Again, a lawyer’s office may be the best place to store a will, depending on your circumstances. However, you should weigh all factors for and against before making a decision.

The Court

You can file your will with the court in many states, which is also a safe option, but this means that your will becomes an official document, not a private one. If you decide to change the terms of your will, you cannot get it back, so beneficiaries and former beneficiaries can see how their respective inheritances have changed (or been removed) during successive revisions. On the contrary, if a will is a private document, you can destroy the original and all copies, and would-be heirs who have fallen out of favor are none the wiser.

In addition, if you move out of the jurisdiction of the court, out of state or even out of the country, your court-filed will does not come with you. There should only be one original of your will (an inviolate rule, barring very specific cases of different wills covering different assets, such as an international circumstance). That means if you drafted a will while living in Westchester County, New York, and filed it with the Surrogate’s Court in White Plains, your executor and beneficiaries would need to obtain it from that court, even if you or they have since moved to Phoenix, Paris or beyond.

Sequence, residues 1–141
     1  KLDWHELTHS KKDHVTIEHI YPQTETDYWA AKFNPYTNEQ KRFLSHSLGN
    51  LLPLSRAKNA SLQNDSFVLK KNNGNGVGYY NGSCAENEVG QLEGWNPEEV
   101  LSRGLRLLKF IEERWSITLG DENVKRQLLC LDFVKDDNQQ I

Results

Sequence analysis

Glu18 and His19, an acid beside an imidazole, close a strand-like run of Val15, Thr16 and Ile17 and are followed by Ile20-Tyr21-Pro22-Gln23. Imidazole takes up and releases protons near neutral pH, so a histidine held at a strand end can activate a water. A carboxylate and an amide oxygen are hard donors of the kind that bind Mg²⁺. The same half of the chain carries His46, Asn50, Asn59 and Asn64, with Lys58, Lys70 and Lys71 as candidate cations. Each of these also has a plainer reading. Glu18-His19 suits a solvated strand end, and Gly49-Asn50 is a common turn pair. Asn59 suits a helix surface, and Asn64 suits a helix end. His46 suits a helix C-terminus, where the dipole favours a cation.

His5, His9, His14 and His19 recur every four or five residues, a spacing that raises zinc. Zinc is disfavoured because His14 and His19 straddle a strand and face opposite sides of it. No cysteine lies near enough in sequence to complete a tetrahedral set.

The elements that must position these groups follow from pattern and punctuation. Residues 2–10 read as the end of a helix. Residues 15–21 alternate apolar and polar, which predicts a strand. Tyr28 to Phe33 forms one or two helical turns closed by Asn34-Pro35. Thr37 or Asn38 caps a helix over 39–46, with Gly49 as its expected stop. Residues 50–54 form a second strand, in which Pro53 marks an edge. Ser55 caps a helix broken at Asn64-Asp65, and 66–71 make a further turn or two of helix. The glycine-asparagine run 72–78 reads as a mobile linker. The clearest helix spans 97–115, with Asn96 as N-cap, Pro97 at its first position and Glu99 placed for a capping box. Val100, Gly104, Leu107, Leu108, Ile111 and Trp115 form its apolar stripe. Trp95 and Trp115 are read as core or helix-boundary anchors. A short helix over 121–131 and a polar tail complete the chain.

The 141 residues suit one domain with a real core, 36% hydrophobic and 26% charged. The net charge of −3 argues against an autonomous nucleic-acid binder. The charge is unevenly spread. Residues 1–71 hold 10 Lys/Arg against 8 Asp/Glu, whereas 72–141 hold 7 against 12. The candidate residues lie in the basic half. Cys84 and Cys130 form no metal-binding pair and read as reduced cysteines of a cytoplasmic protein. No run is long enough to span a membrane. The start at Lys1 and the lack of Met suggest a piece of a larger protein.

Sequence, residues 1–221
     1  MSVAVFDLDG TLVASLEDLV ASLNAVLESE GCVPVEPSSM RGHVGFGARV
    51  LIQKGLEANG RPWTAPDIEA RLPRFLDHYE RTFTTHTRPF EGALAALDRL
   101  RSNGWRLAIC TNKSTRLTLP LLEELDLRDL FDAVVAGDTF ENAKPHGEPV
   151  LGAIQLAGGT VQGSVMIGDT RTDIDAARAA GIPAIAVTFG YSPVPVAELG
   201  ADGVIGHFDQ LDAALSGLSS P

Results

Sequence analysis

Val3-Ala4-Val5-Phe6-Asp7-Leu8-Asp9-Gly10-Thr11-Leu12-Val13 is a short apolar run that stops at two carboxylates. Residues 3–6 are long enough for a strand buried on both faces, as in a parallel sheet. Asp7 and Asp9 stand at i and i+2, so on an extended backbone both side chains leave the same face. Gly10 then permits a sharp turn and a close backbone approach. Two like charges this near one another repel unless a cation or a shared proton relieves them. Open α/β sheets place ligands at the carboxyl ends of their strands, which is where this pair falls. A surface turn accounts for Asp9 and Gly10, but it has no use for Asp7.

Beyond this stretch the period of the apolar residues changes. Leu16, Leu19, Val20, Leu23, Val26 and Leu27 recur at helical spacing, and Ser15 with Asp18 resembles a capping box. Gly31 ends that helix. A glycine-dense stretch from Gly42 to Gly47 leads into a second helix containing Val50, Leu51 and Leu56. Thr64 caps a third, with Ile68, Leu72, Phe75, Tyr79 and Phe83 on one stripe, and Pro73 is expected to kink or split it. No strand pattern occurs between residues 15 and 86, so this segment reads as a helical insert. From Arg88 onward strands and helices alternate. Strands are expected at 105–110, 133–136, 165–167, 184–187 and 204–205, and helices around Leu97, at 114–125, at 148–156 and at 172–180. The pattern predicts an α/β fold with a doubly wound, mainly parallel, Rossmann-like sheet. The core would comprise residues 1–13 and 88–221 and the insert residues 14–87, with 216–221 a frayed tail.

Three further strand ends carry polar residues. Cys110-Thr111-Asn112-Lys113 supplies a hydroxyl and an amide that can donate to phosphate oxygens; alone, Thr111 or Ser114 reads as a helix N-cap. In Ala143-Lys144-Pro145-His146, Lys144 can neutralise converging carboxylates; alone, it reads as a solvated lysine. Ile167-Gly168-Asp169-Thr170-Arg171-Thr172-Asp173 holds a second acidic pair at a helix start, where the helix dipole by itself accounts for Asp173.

Fireproof Safe in Your Home

It may be, after considering other options, that you decide to keep your last will and testament in a fireproof safe in your home. This is often a good option, especially if you have a safe that cannot be remove from the premises by anyone seeking to tote off valuables. In that case, I would recommend keeping a copy of the will in a safe deposit box (clearly marked COPY, with instructions on where to find the original), in the unfortunate circumstance that the original is lost. Be careful not to create too many copies, since you may later revise important provisions of your will and do not want multiple prior copies floating around that a beneficiary with a reduced share tries to “prove” is your correct and valid last will and testament. This can happen even among otherwise friendly parties, such as children and grandchildren. Do your heirs a favor, and keep everything clean to mitigate potential conflicts.

The Freezer

According to the rumor mill, there may still be a few folks who actually store important documents in the freezer. I have never met anyone who did – maybe it’s a poor man’s safe? – but I certainly don’t suggest having a last will and testament shoved behind the frozen peas. Not only does it sound a bit too Sopranos to me (and James Gandolfini himself left a mess for his heirs), but the bag it’s stored in better be really, super waterproof in the event of a power failure.